The Mogollon Rim marks the southern edge of the Colorado Plateau and is thousands of feet high in some areas. The average elevation of the rim is about 7000 feet and the area is known for its ponderosa pine forests that form the largest stands of this tree in the United States. The lakes of the Rim Lakes area were created by damming small canyons that drain northward from the Mogollon Rim. Although modest in size, the lakes occupy a lovely forested setting. Woods Canyon Lake is the most popular and easily accessed. A general store and several campgrounds are near the lake. There is a short nature trail near the Rocky Point Picnic Ground and a trail that goes around Woods Canyon Lake. The Rim Lake Vista Trail (Trail 622) offers great views and lots of rocky sunny exposures for wildflower habitat. This trail is 3.5 miles long and easily accessed from several points. July and August are the best months for wildflower viewing because summer rains freshen-up the vegetation, but you will find some wildflowers anytime from late May to early October.

For Camping options click here: https://www.discovergilacounty.com/woods-canyon-lake

Willow Springs Lake is one of the most accessible of the Rim lakes and has a very scenic setting in a heavily forested area on the edge of the Mogollon Rim. The landscape which includes Ponderosa Pine, Oak and Douglas Fir trees is simply gorgeous and at an elevation of about 7,500 feet, visitors can expect very pleasant temperatures in the spring and summer months. Willow Springs Lake is stocked weekly with catchable size Rainbow trout from May through September annually. When fishing from the shore, try nightcrawlers. Trolling for trout is usually productive. Spinner baits and artificial worm rigs work well for bass around underwater structure. In the summer the fish typically move to deeper depths of between 10 to 20 feet. The lake contains crayfish, so using lures that imitate them is a good way to attract bass. A fishing license with a trout stamp is required for anglers over 13 years old. The daily bag limit is six trout and six bass and bass limits are halved for unlicensed anglers 13 and younger. For camping options click here : https://www.discovergilacounty.com/willow-springs-lake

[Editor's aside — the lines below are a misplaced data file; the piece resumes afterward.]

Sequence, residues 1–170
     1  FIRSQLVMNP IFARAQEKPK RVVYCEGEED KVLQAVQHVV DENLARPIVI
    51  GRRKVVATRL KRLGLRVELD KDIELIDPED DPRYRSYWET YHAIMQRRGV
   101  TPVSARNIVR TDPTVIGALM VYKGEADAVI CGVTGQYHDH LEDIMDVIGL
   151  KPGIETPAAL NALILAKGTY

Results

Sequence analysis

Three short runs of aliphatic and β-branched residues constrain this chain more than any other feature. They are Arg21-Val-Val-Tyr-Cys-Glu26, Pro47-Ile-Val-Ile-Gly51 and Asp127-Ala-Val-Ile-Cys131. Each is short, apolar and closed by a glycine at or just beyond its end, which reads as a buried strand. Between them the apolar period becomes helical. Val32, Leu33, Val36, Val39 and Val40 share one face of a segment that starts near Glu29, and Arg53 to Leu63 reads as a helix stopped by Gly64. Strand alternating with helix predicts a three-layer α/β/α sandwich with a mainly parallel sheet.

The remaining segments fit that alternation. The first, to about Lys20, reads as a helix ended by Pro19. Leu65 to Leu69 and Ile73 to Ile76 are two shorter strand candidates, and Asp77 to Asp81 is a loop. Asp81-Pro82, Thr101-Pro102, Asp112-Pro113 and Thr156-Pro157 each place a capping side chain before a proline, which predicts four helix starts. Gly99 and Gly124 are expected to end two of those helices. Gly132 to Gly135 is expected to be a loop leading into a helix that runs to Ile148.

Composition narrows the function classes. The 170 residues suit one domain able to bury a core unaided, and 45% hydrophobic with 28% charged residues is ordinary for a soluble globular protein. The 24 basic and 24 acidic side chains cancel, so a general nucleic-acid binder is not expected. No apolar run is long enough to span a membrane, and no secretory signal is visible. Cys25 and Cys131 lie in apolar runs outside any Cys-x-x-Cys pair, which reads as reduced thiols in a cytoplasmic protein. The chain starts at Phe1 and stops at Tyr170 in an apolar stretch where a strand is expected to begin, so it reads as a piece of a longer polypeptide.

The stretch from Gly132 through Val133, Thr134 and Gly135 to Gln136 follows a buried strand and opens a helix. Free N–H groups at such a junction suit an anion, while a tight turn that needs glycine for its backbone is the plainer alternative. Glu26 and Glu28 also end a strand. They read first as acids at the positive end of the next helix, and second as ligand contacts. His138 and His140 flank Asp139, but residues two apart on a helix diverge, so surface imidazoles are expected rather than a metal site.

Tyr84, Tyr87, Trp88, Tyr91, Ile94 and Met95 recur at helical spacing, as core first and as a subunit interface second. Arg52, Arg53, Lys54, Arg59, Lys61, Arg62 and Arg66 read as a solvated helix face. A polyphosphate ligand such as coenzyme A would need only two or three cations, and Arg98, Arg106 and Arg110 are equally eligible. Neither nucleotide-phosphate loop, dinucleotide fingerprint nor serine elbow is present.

Chevelon Lake Chevelon Canyon Lake is quite remote and is a deep canyon lake that requires a relatively steep hike 3/4 of a mile to get to the waters edge from the parking area.Generally, only the most avid of anglers that are physically well-conditioned fish Chevelon Lake. However, those that do are rewarded with views of the most scenic trout lake in Arizona. It is simply gorgeous and panoramic with thick forested vegetation and trees that abut the lake. If you're seeking tranquility, this is the lake of choice.

Click here for camping options: https://www.discovergilacounty.com/chevelon-lake

For a complete list of other lakes in Gila County Visit: https://www.discovergilacounty.com/lakes

#4 PINAL MOUNTAINS (Near Globe, Arizona)

The Pinal Mountains are a dramatic southern skyline bordering the nearby city of Globe, the Pinal Mountains offer four-season recreation luring summer and winter hikers, birders, mountain bikers – and photographers.